Iowa Men's Basketball

My winter of offramps covering Iowa men's basketball: Bob Seger, doughnuts and fish

Romanticism between Iowa and other Big Ten outposts is rare

It was
It was “Star Wars Day” at Crisler Center in Ann Arbor, Mich., last Dec. 4 when Iowa played Michigan in men’s basketball. Can you tell? (Mike Hlas/The Gazette)

OK, this will be silly. I can use some silly right now and you may feel the same.

Professionally, I spent the winter covering Iowa men’s basketball. I got pretty used to social distancing, since I drove nearly 9,000 miles to and from Hawkeyes home and away games, and press conferences in Iowa City.

The concept of the open road is supposed to be romantic, but you’ve never seen a movie about a freewheeling trip from Cedar Rapids to West Lafayette, Ind. Nearly every freeway exit with nearby businesses looks pretty much the same. When you just want to get from Point A to Point B, you’re not looking to stray much past the offramps.

However, here things I saw and heard while on the noble calling of reporting on … basketball games.

In Rosemount, Minn., I passed a restaurant called House of Coates that had a sign for world-famous hamburgers.

This troubled me, because I’d never heard of the place. A man of my magnitude needs to stay up to date on all global sensations.

Online reviews for the restaurant and its burgers are flattering. I went to the restaurant’s Facebook page and saw a photo of the menu. Included were the Big Canada Jack, Vito’s Italian Burger and the Australian Vegamite Burger. So a lot of the world is covered, yes.

If you’re really world-famous, though, do you have to tell people that? It’s not called World Famous McDonald’s. It seems safe to say no emcee ever told a crowd “Ladies and gentlemen, here on our stage, the world-famous Pope!”


 On that same drive to Minnesota, I went through Denver, Iowa. A sign at the city limits calls it The Mile Wide City.

That’s pretty good, don’t you think? You work with what you’ve got.

 It’s probably been said before, but people love music.

I was in an I-74 rest stop restroom (washing my hands, I’ll have you know) near Galesburg, Ill., when someone came in, went into a stall, and immediately started blaring Bob Seger’s “Her Strut” from his phone as he went about his business.

I got out of there fast, and that’s all there is to that story. If you had been there, would you have had questions for that person?

I put a poll up on Twitter for 27 minutes Monday to ask that question. It got 126 votes in that time, and 70.6 percent said “No.”

So we’ll not speak of it again.

 Recreational marijuana sales became legal in Michigan last Dec. 1. The first stores in the state to sell recreational weed were in Ann Arbor. One was downtown. I was in downtown Ann Arbor on the afternoon of Dec. 5 because I got to town too early for the Iowa-Michigan game and had time to kill. So I walked to the dispensary out of curiosity, and only curiosity.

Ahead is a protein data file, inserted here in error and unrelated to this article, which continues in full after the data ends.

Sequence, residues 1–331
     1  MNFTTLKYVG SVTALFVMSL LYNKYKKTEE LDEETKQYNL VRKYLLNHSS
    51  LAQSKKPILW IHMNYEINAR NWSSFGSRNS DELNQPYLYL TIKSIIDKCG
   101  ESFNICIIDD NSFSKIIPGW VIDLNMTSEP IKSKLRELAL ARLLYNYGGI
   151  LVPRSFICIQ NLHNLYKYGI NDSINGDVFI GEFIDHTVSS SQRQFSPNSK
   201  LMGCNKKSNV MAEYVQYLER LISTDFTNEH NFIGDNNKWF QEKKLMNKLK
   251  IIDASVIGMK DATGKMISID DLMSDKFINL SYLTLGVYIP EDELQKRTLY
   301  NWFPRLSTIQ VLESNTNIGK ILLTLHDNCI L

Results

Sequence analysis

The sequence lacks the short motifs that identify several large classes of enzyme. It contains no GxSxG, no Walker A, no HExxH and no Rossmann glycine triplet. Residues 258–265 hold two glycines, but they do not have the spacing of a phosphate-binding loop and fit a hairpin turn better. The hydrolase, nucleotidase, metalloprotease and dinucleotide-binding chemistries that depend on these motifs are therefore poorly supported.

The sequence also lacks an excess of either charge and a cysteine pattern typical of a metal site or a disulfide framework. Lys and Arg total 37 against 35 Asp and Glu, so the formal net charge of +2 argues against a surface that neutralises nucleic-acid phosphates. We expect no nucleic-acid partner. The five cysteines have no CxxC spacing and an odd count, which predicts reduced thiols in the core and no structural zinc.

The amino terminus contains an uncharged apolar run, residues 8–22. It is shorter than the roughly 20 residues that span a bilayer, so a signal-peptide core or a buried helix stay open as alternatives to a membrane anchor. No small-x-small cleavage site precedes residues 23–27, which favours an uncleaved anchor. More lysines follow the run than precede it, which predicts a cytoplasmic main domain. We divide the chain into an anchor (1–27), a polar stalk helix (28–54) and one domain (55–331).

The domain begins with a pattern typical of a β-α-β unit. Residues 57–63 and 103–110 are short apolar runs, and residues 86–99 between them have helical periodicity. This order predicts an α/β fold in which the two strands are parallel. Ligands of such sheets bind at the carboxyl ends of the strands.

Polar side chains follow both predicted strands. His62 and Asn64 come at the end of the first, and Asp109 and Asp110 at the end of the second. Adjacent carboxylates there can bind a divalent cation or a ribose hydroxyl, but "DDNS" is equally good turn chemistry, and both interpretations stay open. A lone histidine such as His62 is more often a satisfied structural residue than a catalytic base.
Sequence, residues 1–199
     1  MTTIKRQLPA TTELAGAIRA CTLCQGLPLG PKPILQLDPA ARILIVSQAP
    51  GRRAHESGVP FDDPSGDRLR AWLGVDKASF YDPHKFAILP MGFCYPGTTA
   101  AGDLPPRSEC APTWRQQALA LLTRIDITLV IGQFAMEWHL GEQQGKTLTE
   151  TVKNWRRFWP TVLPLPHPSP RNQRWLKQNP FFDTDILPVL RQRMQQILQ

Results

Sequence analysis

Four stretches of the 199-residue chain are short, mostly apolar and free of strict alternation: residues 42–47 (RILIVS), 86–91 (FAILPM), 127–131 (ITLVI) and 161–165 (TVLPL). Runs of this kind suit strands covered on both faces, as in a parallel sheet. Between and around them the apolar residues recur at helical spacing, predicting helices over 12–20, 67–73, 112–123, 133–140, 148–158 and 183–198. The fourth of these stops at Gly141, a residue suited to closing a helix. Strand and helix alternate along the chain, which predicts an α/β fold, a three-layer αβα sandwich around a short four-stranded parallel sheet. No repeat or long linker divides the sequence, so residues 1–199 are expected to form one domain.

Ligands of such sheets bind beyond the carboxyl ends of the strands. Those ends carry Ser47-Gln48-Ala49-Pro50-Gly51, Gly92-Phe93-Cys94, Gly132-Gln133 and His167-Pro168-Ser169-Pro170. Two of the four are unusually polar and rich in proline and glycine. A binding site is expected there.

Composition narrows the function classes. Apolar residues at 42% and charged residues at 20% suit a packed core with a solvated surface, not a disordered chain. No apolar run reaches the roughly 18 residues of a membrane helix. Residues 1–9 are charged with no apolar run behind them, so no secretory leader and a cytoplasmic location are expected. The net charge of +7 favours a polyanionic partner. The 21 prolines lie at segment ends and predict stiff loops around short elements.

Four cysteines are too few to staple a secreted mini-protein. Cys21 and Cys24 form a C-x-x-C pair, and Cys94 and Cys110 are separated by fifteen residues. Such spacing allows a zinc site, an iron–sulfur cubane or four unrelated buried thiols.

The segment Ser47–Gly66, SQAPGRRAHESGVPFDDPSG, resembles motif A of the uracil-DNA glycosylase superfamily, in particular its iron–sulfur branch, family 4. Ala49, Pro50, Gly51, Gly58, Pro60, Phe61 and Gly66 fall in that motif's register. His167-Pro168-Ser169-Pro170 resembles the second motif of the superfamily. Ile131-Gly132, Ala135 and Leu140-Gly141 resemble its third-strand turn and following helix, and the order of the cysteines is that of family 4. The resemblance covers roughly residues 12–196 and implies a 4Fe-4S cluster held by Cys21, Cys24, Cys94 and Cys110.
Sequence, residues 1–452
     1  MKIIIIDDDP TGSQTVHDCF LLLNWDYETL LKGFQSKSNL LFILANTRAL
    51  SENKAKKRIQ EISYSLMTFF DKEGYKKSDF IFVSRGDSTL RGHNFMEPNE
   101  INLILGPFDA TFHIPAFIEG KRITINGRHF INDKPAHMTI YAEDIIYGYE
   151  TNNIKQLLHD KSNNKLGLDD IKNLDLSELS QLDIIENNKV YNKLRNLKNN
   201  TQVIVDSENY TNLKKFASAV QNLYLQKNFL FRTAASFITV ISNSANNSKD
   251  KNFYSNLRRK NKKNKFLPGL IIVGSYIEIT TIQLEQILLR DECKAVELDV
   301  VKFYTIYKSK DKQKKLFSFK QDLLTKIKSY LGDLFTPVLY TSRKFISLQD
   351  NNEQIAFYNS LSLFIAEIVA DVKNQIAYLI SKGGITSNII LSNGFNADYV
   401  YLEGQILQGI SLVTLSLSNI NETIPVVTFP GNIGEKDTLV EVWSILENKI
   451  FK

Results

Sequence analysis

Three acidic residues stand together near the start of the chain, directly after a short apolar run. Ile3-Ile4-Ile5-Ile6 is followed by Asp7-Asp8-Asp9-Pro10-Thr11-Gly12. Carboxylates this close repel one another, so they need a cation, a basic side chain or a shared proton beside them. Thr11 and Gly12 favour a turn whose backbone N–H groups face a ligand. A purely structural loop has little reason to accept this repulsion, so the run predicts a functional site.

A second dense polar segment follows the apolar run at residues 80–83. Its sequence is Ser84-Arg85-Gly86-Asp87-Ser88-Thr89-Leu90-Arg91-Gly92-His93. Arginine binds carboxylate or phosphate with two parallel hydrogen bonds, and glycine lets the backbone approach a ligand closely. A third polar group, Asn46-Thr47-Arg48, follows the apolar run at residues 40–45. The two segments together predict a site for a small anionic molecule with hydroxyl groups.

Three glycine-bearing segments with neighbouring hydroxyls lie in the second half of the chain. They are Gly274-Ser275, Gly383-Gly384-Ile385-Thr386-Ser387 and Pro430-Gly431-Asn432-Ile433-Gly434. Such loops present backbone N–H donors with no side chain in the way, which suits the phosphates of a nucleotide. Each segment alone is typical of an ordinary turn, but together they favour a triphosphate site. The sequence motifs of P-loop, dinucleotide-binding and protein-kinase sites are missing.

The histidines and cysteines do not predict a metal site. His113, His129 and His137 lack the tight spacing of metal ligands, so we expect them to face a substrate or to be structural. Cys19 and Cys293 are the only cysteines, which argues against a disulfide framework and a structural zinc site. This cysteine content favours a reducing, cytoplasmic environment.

Question that if you must, but I was a driving a company car, it’s illegal to transport that product out of state, and I like my job.

It was a cold day, but the line of people stretched well out the door and moved extremely slowly. My conclusion: There is a market for that product. As well as Tim Hortons doughnuts, which is where I killed more time and did ingest something.

 OK, I was wrong. Not every freeway exit with businesses looks the same.


Coming home from Bloomington, Ind., I pulled off in Mahomet, Ill., for gas. There in a small strip mall just a short hop from I-74 is Patricio’s Pizza. A little place. Not a chain place. It had pizza by the slice, which sounded good at that moment. Good, it was.

I ate, got back on the road, and didn’t give it much more thought. But as I started thinking about things with which to fill this piece, I wanted to see if there was anything interesting online about Patricio’s. I found a story from the Mahomet Citizen. An excerpt:

“I decided to rent this little spot. It was something that I was planning for a long time — to have my own shop,” said Lazaro Patricio, who owns and operates the establishment with his wife, Vianney.

It opened last December. Most towns have Lazaro and Vianney Patricios, bless their hearts. … Let’s go back to silly.

 Last Wednesday on my way to Indianapolis for a Big Ten tournament that was canceled the next morning, I wasn’t traveling alone for a change. Gazette photojournalist Liz Martin was with me, and the GPS on her phone recommended we stay on I-74 as we neared Peoria rather than take the I-465 bypass that usually is a little quicker.

Smart guy me said “No” to the technology. My blunder soon became apparent, as traffic came to virtual stop for a little while because of a few dozen fish on the road.

Yes, fish. Big fish. Not big enough to swallow Jonah, but big enough to put grins on the faces of fishermen and women when they post photos of such catches on social media.

Was there an earlier wreck? Did the fish fall off the back of a truck? Don’t know.

However, I refuse to see it as any sort of omen. Fish happen. Let’s try to move forward.

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We value your trust and work hard to provide fair, accurate coverage. If you have found an error or omission in our reporting, tell us here.

Or if you have a story idea we should look into? Tell us here.